The enormous marketing assault mounted by companies involved in the celebrity-backed Red campaign against AIDS has raised questions over whether it is effort best spent.
According to Advertising Age, as much as $100m splurged on advertising Red products by Gap, Motorola and Apple has returned just $18m to the Global Fund.
The Global Fund's head of private sector partnerships Rajesh Anandan said: "Red has done as much as we could have hoped for in the short time it has been up and running. The launch cost of this kind of campaign is going to be hugely frontloaded. It's a very costly exercise."
The magazine reports the spend-to-give ratio has caught the eye of non-profit watchdogs. Charity Navigator president Terence Stamp said: "The Red campaign can be a good start or it can be a colossal waste of money, and it all depends on whether this edgy, innovative campaign inspires young people to be better citizens or just gives them an excuse to feel good about themselves while they buy an overpriced item they don't really need."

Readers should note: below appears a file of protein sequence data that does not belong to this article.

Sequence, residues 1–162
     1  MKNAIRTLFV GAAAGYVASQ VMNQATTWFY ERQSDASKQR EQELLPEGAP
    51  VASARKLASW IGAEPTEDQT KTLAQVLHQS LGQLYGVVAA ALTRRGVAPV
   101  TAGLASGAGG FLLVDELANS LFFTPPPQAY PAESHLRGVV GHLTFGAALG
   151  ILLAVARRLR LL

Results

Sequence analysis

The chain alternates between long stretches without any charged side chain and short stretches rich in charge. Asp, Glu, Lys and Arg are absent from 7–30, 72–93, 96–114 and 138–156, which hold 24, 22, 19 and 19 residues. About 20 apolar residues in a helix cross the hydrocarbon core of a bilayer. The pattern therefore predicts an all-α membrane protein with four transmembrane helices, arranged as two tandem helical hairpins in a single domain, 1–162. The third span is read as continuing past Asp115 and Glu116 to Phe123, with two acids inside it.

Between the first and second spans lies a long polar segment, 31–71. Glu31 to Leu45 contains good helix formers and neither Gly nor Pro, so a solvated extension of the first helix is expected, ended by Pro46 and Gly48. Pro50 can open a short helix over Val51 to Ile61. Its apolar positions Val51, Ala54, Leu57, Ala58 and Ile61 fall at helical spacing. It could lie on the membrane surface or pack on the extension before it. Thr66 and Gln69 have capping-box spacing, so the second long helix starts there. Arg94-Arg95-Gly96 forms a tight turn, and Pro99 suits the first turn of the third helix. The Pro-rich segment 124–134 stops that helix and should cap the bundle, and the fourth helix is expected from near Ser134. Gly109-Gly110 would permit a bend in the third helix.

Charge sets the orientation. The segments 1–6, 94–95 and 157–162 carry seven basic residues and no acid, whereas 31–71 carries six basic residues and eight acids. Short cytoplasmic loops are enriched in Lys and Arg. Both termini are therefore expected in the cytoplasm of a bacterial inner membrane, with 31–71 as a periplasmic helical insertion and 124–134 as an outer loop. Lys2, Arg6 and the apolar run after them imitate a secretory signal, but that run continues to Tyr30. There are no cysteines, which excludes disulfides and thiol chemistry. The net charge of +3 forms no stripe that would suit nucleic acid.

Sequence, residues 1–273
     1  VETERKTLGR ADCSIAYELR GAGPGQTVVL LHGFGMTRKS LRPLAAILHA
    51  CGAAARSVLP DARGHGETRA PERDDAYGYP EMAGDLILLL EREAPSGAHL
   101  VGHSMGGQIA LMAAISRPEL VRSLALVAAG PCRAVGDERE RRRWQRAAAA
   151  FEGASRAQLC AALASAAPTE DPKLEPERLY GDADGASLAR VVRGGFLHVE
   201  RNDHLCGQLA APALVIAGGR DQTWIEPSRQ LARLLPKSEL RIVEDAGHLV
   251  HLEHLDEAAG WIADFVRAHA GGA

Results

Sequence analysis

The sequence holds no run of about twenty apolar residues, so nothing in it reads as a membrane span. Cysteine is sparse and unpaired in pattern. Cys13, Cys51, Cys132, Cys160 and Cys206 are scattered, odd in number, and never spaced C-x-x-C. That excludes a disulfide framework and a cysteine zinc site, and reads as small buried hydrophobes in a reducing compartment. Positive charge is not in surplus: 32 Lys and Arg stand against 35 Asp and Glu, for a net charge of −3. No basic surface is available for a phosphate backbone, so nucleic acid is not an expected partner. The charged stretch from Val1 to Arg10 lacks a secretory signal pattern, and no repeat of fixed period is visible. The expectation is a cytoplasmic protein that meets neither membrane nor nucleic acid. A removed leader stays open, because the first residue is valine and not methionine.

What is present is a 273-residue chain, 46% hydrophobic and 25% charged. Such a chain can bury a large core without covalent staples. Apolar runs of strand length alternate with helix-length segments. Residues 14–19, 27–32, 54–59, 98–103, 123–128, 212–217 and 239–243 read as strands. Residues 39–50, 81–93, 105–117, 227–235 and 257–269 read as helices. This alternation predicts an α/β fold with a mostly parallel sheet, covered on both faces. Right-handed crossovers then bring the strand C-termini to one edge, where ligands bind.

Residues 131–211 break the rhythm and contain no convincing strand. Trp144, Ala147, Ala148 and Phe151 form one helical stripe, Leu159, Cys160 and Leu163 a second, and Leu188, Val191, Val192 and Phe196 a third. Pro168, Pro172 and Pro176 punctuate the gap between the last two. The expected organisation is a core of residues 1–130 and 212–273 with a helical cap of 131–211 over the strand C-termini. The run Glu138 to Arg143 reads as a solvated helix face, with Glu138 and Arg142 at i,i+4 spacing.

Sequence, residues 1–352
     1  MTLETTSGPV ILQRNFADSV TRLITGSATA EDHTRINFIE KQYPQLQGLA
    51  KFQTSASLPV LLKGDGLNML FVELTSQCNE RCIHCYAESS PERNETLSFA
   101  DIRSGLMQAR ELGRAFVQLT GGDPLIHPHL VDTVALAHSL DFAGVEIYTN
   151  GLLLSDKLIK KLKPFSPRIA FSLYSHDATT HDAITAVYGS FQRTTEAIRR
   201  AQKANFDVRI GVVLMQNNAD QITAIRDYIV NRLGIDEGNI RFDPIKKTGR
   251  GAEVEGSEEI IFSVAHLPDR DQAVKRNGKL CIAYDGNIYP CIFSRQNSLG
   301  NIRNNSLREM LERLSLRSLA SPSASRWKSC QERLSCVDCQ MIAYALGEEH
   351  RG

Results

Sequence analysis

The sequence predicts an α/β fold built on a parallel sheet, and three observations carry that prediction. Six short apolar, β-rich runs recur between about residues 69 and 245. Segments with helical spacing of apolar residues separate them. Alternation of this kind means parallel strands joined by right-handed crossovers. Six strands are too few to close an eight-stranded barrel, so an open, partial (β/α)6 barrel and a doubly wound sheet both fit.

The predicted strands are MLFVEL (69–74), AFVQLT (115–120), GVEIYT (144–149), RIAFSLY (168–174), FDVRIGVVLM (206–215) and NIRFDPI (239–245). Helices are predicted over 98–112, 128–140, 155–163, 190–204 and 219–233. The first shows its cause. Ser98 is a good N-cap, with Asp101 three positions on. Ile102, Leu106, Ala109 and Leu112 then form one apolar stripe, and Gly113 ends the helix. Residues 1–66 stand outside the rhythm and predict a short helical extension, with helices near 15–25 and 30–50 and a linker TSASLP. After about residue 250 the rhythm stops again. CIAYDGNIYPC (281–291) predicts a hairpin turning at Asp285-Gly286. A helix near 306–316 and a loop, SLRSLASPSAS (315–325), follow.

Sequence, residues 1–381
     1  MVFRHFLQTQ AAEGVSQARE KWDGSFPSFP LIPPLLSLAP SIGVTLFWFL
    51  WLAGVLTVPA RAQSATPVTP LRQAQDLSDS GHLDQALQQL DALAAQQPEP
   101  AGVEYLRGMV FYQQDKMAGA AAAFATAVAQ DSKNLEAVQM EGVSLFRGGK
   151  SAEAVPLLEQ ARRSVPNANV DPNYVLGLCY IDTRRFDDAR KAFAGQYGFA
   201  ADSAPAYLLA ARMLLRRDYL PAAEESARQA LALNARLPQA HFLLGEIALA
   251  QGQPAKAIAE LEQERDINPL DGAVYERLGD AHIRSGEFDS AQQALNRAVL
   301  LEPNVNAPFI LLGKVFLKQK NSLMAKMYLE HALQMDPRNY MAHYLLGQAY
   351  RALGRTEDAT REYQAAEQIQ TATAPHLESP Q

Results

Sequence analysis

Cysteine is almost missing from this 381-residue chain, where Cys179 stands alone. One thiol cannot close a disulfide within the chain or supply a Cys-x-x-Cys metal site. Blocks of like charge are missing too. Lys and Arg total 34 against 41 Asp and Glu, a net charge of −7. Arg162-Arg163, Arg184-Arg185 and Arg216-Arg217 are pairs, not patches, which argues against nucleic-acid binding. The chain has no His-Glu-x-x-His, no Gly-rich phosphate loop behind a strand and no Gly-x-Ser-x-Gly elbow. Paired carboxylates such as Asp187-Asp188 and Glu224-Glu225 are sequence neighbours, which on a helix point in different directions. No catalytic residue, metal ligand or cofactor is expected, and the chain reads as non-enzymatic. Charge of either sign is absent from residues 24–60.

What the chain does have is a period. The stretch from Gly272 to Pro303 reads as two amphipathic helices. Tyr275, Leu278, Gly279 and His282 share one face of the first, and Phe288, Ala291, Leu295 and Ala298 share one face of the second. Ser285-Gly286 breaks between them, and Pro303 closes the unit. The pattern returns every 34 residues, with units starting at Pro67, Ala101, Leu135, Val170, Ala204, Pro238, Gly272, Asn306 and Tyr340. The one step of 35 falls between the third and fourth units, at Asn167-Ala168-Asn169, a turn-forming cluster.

A group of San Francisco artists have taken issue with the consumer-friendly campaign and set up the site buylesscrap.org, which encourages people to give directly to the Global Fund, rather than accepting the "notion that shopping is a reasonable response to human suffering." ®